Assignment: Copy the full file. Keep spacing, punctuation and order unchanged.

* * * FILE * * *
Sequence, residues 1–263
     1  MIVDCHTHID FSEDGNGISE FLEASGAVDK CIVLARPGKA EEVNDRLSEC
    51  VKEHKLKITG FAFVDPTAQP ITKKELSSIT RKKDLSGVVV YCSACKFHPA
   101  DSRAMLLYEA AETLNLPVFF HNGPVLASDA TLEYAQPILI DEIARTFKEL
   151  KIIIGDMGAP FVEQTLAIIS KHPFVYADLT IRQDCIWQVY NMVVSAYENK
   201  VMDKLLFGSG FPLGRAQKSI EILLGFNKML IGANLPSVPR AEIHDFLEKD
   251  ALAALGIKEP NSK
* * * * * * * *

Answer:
Sequence, residues 1–263
     1  MIVDCHTHID FSEDGNGISE FLEASGAVDK CIVLARPGKA EEVNDRLSEC
    51  VKEHKLKITG FAFVDPTAQP ITKKELSSIT RKKDLSGVVV YCSACKFHPA
   101  DSRAMLLYEA AETLNLPVFF HNGPVLASDA TLEYAQPILI DEIARTFKEL
   151  KIIIGDMGAP FVEQTLAIIS KHPFVYADLT IRQDCIWQVY NMVVSAYENK
   201  VMDKLLFGSG FPLGRAQKSI EILLGFNKML IGANLPSVPR AEIHDFLEKD
   251  ALAALGIKEP NSK